A quick catch up with Refugee Support Devon – new associate member in Exeter

It was great to meet our newest Associate Member, Refugee Support Devon, at the recent hosting conference in London. We took a few moments over lunch to find out more about their work and their plans for the future.

‘Tell us about your project..’

Refugee Support Devon was set up in 2001 as part of accommodation supported by the Home Office. Exeter was a dispersal city for Afghanis that came during the crisis there. Then that stopped and Exeter was no longer a dispersal city, but people continued to come to us and ask for support, so our work continued and the charity expanded.

We have different projects- for example we give £10 a week to people that don’t have access to any public support and are facing destitution. We also have a drop in service twice a week where we have volunteers to help people with support such as drafting letters or help to find a solicitor. We also run a computer class and we have a schools project (where one of our volunteers raises awareness in schools about refugees in Devon and what they go through).

We also have an allotment, so sometimes we get fresh food for the drop in where people can come and help themselves, and we provide one to one English lessons which are very vital for many people. We have a team of over 60 volunteers.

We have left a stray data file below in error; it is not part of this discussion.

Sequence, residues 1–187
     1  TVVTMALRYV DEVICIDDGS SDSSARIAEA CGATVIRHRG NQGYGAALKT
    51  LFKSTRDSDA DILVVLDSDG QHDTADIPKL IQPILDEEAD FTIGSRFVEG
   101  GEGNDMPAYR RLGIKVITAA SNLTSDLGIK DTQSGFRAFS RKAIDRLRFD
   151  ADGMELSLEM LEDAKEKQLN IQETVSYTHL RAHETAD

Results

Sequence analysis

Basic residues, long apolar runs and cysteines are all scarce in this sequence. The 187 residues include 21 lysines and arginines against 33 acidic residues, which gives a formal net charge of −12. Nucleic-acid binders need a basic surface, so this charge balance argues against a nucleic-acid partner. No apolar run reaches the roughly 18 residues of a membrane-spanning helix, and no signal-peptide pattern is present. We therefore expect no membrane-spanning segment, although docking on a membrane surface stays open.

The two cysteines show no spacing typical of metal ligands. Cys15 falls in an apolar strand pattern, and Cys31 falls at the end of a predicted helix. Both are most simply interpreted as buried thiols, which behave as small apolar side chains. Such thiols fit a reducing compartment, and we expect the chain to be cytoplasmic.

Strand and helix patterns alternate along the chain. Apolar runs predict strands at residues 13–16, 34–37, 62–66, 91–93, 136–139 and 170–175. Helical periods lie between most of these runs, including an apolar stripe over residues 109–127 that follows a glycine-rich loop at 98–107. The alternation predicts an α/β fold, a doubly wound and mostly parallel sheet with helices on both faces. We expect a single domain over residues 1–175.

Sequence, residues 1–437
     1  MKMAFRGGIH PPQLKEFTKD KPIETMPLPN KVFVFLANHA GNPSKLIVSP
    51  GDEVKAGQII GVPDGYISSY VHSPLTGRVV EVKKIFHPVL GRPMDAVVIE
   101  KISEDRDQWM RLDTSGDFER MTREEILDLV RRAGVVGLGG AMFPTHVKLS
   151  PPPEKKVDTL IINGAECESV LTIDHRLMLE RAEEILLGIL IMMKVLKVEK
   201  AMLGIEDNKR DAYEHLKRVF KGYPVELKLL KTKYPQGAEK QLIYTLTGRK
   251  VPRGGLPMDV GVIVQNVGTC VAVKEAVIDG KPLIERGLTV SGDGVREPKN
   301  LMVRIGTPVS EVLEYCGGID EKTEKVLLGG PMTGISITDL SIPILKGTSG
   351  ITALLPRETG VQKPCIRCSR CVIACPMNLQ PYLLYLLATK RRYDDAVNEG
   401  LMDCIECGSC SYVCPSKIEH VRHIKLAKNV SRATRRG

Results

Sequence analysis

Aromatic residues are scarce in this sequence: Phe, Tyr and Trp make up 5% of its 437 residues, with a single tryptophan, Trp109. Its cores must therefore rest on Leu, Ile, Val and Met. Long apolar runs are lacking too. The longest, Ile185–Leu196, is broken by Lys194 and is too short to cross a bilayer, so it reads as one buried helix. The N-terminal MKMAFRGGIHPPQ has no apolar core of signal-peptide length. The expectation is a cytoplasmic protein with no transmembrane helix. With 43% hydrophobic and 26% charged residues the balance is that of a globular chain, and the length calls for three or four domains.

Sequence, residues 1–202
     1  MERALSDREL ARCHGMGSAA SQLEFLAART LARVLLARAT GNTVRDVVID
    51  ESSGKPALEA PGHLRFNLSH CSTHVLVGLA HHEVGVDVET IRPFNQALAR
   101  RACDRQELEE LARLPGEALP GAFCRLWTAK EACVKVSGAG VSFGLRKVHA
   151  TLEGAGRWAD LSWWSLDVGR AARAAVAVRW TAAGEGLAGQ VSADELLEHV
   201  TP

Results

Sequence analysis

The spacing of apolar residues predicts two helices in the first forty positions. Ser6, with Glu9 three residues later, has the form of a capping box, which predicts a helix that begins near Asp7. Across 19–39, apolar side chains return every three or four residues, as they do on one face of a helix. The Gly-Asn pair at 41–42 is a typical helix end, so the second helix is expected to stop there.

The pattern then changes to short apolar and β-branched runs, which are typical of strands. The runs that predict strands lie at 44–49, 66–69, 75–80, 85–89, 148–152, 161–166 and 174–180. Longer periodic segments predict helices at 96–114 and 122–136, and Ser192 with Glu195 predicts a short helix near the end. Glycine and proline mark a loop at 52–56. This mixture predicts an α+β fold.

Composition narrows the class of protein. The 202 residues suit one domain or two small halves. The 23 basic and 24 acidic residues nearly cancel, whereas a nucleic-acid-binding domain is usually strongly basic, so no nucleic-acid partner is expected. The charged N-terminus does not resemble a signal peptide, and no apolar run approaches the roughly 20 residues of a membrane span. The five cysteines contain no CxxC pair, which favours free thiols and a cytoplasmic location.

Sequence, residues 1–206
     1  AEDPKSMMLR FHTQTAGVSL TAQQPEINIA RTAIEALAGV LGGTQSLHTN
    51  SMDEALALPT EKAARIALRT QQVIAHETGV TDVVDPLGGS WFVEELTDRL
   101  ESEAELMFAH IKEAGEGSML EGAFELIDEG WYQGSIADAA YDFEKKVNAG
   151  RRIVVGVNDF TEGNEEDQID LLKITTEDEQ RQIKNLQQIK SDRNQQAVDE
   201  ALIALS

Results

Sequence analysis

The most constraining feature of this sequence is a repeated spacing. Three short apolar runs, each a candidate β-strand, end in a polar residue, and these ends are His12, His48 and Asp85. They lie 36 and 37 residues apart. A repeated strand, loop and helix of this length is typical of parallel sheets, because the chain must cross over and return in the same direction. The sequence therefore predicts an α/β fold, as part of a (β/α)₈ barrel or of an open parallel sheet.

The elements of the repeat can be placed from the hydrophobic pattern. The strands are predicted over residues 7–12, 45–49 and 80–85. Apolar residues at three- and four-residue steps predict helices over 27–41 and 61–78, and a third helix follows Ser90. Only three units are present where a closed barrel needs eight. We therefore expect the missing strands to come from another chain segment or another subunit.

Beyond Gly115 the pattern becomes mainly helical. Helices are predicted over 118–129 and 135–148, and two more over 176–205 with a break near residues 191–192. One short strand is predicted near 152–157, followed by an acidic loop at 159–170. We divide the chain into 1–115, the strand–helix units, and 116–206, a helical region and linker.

‘How did you hear about NACCOM?’

Accommodation is an issue, especially in Exeter, and we have had a few cases where no accommodation has been available to people for various reasons. So I started searching to find what is out there that maybe people could tap into, and found NACCOM and thought this would be a really good way to connect with other organisations.

‘What are your plans with accommodation in your area?’

Exeter is a very expensive place to live, so if you have no recourse to public funds and you are not vulnerable enough to get statutory support, then it is very difficult to find accommodation. We’ve been in touch with Night Stop (Depaul) to see if they would like to set something up locally, and so I came today to find out more about hosting so I can report back and see how things go.

Find out more about the work of Refugee Support Devon by visiting their website or following them on Twitter.

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